Wednesday, September 12, 2007

Putin Complains About US Restrictions on Foreign Investment

Here's an interesting story in the International Herald Times about Putin's complaints over recent US legislation increasing national security oversite over foreign investments in the US. It's interesting from a few perspectives.

First, Russia has shown that it can't be trusted with regard to foreign investment in Russia:

In recent months, foreign oil companies have been forced to cede control of a number of major projects which they acquired in the 1990s, most notably with the sale by Royal Dutch Shell of a controlling stake in the Sakhalin-2 project, and BP's sale of its stake in the Kovykta gas field.

The Russian state-run natural gas monopoly Gazprom was the buyer of both.

Second, and on a related note, I have to agree with limitations on purchases of American businesses by foreign state-owned companies. I have less concern about purchases by purely private entities in nations that recognize property rights.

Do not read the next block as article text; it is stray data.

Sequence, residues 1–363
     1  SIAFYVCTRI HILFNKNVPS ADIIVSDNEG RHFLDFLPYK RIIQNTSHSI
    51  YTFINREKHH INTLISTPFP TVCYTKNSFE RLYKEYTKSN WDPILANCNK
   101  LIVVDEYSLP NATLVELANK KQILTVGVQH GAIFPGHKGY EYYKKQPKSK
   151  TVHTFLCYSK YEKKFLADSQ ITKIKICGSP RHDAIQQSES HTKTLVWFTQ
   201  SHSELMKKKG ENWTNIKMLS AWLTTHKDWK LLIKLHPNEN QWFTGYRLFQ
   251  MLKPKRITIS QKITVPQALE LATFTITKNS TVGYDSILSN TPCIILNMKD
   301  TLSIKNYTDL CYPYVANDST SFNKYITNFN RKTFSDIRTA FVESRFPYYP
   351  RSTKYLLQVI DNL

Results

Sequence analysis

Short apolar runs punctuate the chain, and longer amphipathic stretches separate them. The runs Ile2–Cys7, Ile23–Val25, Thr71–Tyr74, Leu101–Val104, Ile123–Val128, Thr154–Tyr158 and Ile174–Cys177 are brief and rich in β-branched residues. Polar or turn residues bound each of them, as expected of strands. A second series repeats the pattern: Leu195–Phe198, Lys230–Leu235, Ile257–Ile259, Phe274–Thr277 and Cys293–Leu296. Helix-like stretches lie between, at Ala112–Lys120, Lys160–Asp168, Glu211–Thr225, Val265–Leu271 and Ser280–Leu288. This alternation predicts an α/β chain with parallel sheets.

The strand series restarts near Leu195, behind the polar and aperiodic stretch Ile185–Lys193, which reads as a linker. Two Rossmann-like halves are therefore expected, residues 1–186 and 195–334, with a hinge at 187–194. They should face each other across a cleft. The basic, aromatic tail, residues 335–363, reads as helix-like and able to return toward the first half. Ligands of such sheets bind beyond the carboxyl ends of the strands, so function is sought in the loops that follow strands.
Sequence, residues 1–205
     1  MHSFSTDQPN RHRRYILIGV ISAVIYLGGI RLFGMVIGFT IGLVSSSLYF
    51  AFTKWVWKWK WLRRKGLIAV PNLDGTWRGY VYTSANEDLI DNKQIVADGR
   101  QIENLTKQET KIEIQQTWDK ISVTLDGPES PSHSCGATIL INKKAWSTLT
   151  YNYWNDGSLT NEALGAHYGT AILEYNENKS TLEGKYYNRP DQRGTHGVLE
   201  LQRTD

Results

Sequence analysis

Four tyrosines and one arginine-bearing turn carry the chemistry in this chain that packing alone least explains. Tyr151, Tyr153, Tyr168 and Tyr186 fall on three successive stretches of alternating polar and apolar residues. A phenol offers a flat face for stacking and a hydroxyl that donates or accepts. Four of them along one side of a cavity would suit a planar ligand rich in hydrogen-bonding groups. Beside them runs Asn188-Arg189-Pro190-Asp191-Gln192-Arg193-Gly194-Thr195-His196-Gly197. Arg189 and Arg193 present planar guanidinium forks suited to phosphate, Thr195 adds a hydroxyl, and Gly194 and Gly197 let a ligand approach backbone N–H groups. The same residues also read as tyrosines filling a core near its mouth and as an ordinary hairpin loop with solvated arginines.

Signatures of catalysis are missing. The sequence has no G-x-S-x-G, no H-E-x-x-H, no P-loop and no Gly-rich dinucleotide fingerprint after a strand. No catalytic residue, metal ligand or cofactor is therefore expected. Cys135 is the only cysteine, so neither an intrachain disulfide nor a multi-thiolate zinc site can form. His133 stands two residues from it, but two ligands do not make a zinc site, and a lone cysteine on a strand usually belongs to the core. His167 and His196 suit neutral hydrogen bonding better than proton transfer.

Regarding the general concept of government limits on foreign investment, I'm a bit more undecided. On the one hand, there certainly can be national security interests, be it regarding infrastructure (such as energy companies) and high technology. It likely makes sense for such investments to be vetted.

But ultimately, that Putin would make such a complaint is a bit hypocritcal. As a wannabe dictator, Putin has very little room to talk.

No comments: